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Born August 29, 1946 (1946-08-29) (age 63),
Toronto, Ontario, Canada
6 ft 1 in (1.85 m)
197 lb (89 kg; 14 st 1 lb)
Position Defence
Shot Left
Pro clubs Toronto Maple Leafs
Los Angeles Kings,
Rochester Americans (AHL),
Tulsa Oilers (CPHL),
Ntl. team  Canada
Career 1968 – 1979
Olympic medal record
Men's ice hockey
Bronze 1968 Winter Olympics team

Brian "Blunt" Glennie (born 29 August 1946 in Toronto, Ontario, Canada) is a retired professional ice hockey defenceman who played in the NHL from 1969 until 1979. Glennie was a master of the lost art of the hip-check.[1]


Amateur career

Glennie had an outstanding junior career with the Toronto Marlboros of the Ontario Hockey Association, eventually captaining the team to the 1967 Memorial Cup.[2] As a PeeWee he was coached by future Toronto Maple coach Roger Neilson.[3]

After junior Glennie joined the Canadian National Team program run by Father David Bauer for the 1967-68 season. He was a member of the Canadian team in the 1968 Olympics which won the Bronze medal.[4][5] This tournament was also representative of the IIHF World Championship.

Pro career

As a pro Glennie went on to play 572 career NHL games, all but 18 with the Toronto Maple Leafs, scoring 14 goals and 100 assists for 114 points. Glennie, a defensive, hard-hitting defenseman was often paired with the offensively-skilled defensemen on the Leafs, such as Tim Horton, Börje Salming and more frequently former Marlboro team-mate Jim McKenny.[6] Glennie has described his playing style as "a standup guy who would take the guy out" and his partner would then "get the puck and start something happening."[7] The Hockey News ranked Glennie #6 on their list of the best all-time body checkers.[8]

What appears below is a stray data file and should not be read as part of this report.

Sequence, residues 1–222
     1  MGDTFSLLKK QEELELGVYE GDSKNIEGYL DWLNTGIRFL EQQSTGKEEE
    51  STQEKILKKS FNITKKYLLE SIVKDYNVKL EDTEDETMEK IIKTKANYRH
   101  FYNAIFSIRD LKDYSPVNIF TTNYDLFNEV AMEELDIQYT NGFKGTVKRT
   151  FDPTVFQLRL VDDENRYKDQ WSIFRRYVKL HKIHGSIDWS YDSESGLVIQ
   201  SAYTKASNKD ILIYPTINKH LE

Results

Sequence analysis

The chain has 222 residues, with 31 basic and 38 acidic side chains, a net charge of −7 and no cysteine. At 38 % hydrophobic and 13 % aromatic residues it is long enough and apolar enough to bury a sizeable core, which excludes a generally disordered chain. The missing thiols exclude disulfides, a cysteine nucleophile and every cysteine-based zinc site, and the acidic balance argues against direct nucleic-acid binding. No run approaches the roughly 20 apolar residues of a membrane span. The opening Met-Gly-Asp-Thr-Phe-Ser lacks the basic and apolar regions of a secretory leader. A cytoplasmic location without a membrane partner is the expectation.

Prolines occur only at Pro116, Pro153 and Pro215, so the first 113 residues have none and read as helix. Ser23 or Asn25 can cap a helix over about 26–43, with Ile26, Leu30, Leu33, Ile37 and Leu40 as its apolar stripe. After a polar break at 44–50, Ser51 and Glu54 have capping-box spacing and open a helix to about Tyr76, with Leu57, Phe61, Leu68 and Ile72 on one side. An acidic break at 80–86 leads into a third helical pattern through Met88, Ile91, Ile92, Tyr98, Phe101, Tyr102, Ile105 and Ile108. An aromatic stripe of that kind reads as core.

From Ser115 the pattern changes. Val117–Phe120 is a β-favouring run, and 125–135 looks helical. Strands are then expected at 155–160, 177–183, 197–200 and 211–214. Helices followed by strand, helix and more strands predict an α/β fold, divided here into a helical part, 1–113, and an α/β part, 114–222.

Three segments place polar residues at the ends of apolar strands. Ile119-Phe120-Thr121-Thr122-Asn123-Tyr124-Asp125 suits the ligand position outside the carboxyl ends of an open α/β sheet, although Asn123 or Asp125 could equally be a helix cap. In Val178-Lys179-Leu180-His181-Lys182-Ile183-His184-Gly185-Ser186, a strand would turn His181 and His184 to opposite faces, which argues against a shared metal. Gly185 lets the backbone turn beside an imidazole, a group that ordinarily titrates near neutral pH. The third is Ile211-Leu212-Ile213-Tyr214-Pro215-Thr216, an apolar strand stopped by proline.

He was a member of Team Canada in the 1972 Summit Series. While he did not have the opportunity to play against the Soviet Union, Brian played in two of the games against Sweden[9] and Czechoslovakia.[10] He counted the experience among the greatest of his life.[1]

Honours and awards

1967 Memorial Cup (captain)
Bronze medal 1968 Winter Olympics
Inducted Canada's Sports Hall of Fame in 2005.[11]


  1. ^ a b "Profile at Legends of Hockey". Hockey Hall of Fame. Retrieved 2009-07-12.  
  2. ^ "Memorial Cup results". Canwest Publishing. Retrieved 2009-07-12.  
  3. ^ "Marlie players who played with Leafs". Toronto Marlies. Retrieved 2009-07-12.  
  4. ^ "1967-68 Canadian World and Olympic team roster". The Ice Hockey Annual. Retrieved 2009-07-12.  
  5. ^ "Glennie Olympic records". Sports Reference. Retrieved 2009-07-12.  
  6. ^ Leonetti, Mike (2007). Maple Leafs Top 100. Raincoast Books. p. 216. ISBN 13: 978-1-55192-808-1.  
  7. ^ Batten, Jack (1999). The Leafs. Key Porter Books. p. 148. ISBN 1-55263-205-9.  
  8. ^ Craig, Sam (2008). Ultimate Book of Hockey Lists. Transcontinental Books. ISBN 978-0-9809924-0.  
  9. ^ "72 Canada vs Sweden game". Retrieved 2009-07-12.  
  10. ^ "72 Canada vs Czechoslovakia game". Retrieved 2009-07-12.  
  11. ^ "Brian Glennie Canada Sports Hall of Fame page". Canada's Sports Hall of Fame. Retrieved 2009-07-12.  

External links



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